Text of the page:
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Low job growth still plagues labor market
Labor market remains sluggish,
Unemployment rate remains unchanged,
Construction spending rose 0.9% in May largely on the strength of private residential projects,
New orders for goods from U.S. factories increased.
The manufacturing index dropped "indicating contraction in the manufacturing sector ".
Growth of the service sector slowed from May and was below expectations
In SUMMARY: We are muddling along.
Here is the rest of the story, from VANGUARD:
JULY 06, 2012
A sluggish labor market remains the main stumbling block for the U.S. economy, which seems to be in the summer doldrums. While there was some job growth in June, the unemployment rate remained unchanged. In other news, factory orders were up although both the Institute for Supply Management's manufacturing and nonmanufacturing indexes reported disappointing results. On a more positive note, construction spending increased. For the week ended July 6, the S&P 500 Index declined 0.5% to about 1,355 (for a year-to-date total return—including price change plus dividends—of about 8.9%). The yield on the 10-year U.S. Treasury note declined 10 basis points to 1.57% (for a year-to-date decline of 32 basis points).
Unsettled employment picture
The economy added 80,000 jobs in June, and the unemployment rate remained unchanged. Employment growth averaged 75,000 per month in the second quarter, down from a monthly average of 226,000 in the first quarter. Private employment grew by 84,000, while government agencies shed 4,000 jobs. Professional and business services tacked on 47,000 jobs, including 25,000 temporary positions. Manufacturing added 11,000 jobs. The report wasn't totally bleak: The average workweek and average hourly and weekly earnings all increased a bit. Overall, while jobs are being added, the totals aren’t enough to both absorb new entrants to the job market and reemploy the huge numbers that were affected by the recession.
Residential projects propel construction
Construction spending rose 0.9% in May, above expectations, largely on the strength of private residential projects. Compared to a year ago, construction spending is up 7.0%. Total private-sector construction spending advanced 1.6% in May and 13.1% from a year ago. Spending on manufacturing and commercial projects also fueled the growth. The data for public construction spending wasn’t as rosy––a 0.4% decrease in May and a 3.9% drop from a year ago, as struggling state and local governments continued to trim their budgets.
Factory orders climb
New orders for goods from U.S. factories increased by a better-than-expected 0.7% in May, reversing two straight monthly decreases. New orders rose 1.3% for manufactured durable goods, which are meant to last at least three years, and 0.2% for manufactured nondurable goods. Transportation equipment accounted for the largest increase at 2.7%. Shipments were up 0.5%, their fifth rise in six months after a dip in April. Inventories fell 0.2%, the second straight monthly decrease.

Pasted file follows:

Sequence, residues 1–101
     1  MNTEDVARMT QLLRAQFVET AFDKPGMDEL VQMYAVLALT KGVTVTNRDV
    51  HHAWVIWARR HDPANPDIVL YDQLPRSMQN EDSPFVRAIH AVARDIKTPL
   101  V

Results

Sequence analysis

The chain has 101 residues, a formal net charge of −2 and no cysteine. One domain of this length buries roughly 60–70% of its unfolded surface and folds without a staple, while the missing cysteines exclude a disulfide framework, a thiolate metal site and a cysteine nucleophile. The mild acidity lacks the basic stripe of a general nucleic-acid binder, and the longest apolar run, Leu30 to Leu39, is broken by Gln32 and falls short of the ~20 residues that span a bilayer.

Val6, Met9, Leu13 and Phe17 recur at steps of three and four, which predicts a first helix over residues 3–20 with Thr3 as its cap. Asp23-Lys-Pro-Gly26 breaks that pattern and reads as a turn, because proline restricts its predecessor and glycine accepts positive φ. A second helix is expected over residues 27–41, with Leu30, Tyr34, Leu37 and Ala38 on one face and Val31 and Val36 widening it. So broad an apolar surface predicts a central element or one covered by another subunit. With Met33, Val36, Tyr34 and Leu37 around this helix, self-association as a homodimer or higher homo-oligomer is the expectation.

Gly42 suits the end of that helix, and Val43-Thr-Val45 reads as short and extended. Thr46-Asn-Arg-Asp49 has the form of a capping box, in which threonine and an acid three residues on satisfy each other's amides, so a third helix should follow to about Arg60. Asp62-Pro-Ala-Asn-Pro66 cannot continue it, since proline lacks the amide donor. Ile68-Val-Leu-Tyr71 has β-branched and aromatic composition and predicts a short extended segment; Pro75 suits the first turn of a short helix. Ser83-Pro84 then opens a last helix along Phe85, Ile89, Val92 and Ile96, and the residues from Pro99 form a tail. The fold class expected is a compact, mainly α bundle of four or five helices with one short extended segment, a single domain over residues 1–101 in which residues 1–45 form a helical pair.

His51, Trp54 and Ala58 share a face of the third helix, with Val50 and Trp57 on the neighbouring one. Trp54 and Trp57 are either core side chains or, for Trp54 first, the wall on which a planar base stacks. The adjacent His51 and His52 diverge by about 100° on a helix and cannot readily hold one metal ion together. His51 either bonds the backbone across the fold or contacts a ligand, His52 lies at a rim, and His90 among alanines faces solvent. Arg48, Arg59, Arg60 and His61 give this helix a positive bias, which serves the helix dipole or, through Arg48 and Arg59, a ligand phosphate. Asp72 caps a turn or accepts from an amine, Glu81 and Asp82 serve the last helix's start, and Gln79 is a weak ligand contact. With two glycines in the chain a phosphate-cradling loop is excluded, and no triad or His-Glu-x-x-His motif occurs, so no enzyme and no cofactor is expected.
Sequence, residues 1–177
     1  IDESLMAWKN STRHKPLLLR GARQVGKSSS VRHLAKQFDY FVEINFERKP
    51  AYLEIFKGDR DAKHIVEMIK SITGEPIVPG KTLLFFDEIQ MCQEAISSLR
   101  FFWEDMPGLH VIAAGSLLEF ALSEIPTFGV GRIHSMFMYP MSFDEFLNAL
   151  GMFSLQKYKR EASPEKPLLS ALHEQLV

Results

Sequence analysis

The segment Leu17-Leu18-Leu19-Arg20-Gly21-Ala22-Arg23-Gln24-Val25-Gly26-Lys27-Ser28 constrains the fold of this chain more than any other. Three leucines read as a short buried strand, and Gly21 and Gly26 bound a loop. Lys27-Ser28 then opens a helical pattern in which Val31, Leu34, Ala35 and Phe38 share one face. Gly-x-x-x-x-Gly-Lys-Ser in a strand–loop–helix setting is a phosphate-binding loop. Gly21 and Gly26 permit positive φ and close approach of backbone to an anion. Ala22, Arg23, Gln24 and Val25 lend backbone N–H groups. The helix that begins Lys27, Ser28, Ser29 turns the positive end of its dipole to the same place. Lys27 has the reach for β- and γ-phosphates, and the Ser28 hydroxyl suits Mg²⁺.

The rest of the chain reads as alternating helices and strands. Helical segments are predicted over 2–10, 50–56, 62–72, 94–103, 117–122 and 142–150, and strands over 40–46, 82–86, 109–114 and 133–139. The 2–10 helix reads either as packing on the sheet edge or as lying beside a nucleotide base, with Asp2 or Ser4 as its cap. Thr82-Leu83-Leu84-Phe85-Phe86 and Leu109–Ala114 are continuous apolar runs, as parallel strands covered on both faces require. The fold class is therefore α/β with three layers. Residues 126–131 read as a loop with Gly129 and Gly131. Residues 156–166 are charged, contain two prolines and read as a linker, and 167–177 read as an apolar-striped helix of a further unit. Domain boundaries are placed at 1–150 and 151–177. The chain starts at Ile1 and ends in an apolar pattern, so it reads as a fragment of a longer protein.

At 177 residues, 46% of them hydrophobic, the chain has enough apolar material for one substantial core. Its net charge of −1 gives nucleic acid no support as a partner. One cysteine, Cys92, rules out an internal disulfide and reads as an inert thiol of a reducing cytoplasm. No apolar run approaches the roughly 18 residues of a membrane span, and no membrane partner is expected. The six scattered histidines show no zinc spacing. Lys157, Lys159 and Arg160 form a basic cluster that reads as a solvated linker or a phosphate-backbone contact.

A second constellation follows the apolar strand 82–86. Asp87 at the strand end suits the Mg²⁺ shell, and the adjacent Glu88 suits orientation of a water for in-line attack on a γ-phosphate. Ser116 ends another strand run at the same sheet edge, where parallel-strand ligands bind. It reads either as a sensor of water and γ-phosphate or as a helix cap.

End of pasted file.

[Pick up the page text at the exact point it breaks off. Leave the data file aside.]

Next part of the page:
Manufacturing index shows contraction
The Institute for Supply Management's manufacturing index, which assesses June's data, differed from May's factory orders report. The index dropped more than forecast in June to 49.7, a decrease of 3.8 percentage points, "indicating contraction in the manufacturing sector for the first time since July 2009," according to the ISM's statement. The new orders index fell 12.3 percentage points and the exports index dropped 6.0 percentage points; manufacturers may be feeling the effects of the troubled global economy. Manufacturers' costs are lessening––the prices index for raw materials decreased 10.5 percentage points. Only seven of the index's 18 manufacturing sectors showed growth in June.
Service sector loses steam
While the service sector grew for the 30th straight month in June, the pace of growth slowed from May and was below expectations. The Institute for Supply Management's nonmanufacturing index fell to 52.1 from May's reading of 53.7, the third decline in four months. Although the report was disappointing, an index reading above 50 still indicates growth. The business activity, new orders, and new export indexes all declined, while the employment index climbed. Also, the prices index fell for the second straight month.
The economic week ahead
The Federal Open Market Committee will release the minutes from its latest monetary policy meeting on Wednesday. Next week also brings reports on consumer credit (Monday), international trade (Wednesday), and producer prices (Friday).